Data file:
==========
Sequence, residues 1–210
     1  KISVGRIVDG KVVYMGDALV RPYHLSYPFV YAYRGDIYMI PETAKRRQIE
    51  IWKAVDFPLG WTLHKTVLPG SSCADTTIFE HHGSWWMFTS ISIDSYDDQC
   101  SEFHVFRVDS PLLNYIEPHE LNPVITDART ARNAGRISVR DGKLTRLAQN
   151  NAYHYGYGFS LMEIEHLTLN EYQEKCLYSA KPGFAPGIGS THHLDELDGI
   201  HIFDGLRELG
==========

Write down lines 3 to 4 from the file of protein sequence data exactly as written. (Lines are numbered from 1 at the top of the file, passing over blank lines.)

    51  IWKAVDFPLG WTLHKTVLPG SSCADTTIFE HHGSWWMFTS ISIDSYDDQC
   101  SEFHVFRVDS PLLNYIEPHE LNPVITDART ARNAGRISVR DGKLTRLAQN